Poles drive message on German death camp culpability
Billboard featuring Auschwitz merged with Hitler hair and mustache taken on road trip across Europe
A Polish non-government organization has launched an eye-catching campaign aimed at dispelling the common assumption that Nazi-era death camps in Poland were run by Poles.
The use by foreign media of the phrase “Polish concentration camps” has became particularly galling to Polish citizens and the country’s government.
In effort to stamp out the association, the Town and Country Tradition Foundation has mobilized a rolling billboard depicting the Auschwitz death camp merged with Hitler’s signature haircut and mustache together with the slogan, in English, saying “Death Camps Were Nazi German,” Radio Poland reported Thursday.
“The idea of our campaign is simple. We demand the historical truth, we oppose the use of the term ‘Polish concentration camps,’ which is commonly used by Western media,” said Dawid Hallmann of TCTF.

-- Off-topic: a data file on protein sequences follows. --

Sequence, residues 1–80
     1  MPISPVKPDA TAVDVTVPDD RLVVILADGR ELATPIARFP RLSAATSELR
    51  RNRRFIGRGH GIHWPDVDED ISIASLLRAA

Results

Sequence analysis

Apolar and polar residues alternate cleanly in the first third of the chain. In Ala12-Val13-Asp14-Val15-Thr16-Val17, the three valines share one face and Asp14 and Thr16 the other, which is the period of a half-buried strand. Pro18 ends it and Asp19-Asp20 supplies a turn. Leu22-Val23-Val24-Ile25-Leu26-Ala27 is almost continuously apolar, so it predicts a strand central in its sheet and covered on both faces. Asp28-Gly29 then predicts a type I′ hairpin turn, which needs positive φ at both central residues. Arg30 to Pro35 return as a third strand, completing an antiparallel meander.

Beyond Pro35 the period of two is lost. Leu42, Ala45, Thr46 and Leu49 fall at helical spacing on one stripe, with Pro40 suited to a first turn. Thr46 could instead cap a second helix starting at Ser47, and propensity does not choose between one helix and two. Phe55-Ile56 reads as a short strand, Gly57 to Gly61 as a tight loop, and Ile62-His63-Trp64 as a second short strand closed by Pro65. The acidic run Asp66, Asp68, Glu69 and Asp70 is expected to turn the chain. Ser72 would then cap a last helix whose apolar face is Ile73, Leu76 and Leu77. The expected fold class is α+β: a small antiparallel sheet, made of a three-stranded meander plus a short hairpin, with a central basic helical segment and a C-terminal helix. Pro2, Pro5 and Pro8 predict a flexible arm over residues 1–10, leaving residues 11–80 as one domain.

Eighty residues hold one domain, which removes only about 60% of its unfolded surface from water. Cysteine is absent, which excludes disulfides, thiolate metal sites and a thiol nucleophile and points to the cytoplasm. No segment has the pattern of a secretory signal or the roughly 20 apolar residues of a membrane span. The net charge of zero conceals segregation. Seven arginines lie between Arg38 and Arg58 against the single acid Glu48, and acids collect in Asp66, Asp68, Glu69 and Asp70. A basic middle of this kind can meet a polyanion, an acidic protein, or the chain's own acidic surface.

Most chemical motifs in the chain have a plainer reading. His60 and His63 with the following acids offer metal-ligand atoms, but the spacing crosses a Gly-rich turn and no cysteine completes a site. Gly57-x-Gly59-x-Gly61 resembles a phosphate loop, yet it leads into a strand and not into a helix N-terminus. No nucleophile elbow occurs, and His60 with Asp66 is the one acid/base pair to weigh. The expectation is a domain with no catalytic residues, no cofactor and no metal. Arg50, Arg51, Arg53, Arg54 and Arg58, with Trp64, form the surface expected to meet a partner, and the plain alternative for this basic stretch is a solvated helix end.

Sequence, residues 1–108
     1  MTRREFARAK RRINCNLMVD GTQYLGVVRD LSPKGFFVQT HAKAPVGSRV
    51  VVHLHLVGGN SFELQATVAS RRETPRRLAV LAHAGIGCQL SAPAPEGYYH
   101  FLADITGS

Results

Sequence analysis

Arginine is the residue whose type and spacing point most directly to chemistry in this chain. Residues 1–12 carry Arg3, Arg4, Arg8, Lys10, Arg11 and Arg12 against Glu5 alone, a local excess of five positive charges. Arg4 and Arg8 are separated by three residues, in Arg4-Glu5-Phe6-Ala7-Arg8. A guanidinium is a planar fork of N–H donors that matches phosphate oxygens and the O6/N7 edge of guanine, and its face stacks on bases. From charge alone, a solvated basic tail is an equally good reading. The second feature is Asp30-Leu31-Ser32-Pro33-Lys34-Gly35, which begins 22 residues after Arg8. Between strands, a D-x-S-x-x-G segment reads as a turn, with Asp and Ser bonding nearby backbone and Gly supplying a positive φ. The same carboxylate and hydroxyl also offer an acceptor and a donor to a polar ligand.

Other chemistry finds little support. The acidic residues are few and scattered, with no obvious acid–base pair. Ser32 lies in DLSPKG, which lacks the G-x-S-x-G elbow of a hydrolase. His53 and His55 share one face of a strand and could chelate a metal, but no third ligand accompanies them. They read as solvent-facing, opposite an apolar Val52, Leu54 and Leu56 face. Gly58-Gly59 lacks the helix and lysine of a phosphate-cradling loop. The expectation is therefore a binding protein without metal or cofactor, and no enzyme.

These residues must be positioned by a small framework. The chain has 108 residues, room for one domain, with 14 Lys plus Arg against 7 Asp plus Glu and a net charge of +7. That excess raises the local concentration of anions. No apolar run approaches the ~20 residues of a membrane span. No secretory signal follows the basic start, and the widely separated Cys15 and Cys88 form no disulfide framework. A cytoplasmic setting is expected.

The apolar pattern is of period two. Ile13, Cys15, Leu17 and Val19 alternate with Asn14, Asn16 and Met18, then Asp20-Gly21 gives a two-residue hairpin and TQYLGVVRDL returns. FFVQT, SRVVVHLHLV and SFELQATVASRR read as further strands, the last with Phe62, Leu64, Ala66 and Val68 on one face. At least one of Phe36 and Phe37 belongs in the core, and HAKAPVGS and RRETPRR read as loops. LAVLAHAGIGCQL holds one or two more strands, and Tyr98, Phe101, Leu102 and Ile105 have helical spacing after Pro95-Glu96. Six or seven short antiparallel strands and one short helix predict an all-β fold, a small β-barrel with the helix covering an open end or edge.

The billboard is to be driven through Germany and Belgium before making its way on to Britain.
Poland was attacked and occupied by Nazi Germany in World War II, losing six million of its citizens, including three million Jews in the Holocaust.
Polish officials routinely request corrections when global media or politicians describe as “Polish” former death camps like Auschwitz set up by Nazi Germany in occupied Poland.
Even if used as a geographical indicator, Warsaw says the term can give the impression that Poland bore responsibility for the Holocaust, whereas it was one of the greatest victims of the slaughter.
Last month Poland published the first online database with the names and other personal details of nearly 10,000 staff who ran the Auschwitz-Birkenau Nazi German death camp.
The database, which the IPN says contains 9,686 names, “is just the beginning of a wide-ranging project” that will cover the staff of other death and concentration camps that Nazi Germany set up in occupied Poland, Institute of National Remembrance chairman (IPN) Jaroslaw Szarek told reporters in Krakow at the time.
In August 2016 Poland’s rightwing government said it would seek fines or jail terms of up to three years against anyone who refers to Nazi German death camps as Polish.
Under the new initiative, a “public attribution to Poland, in violation of the facts, of bearing joint responsibility” for Nazi Germany’s crimes could result in jail time, as well as fines.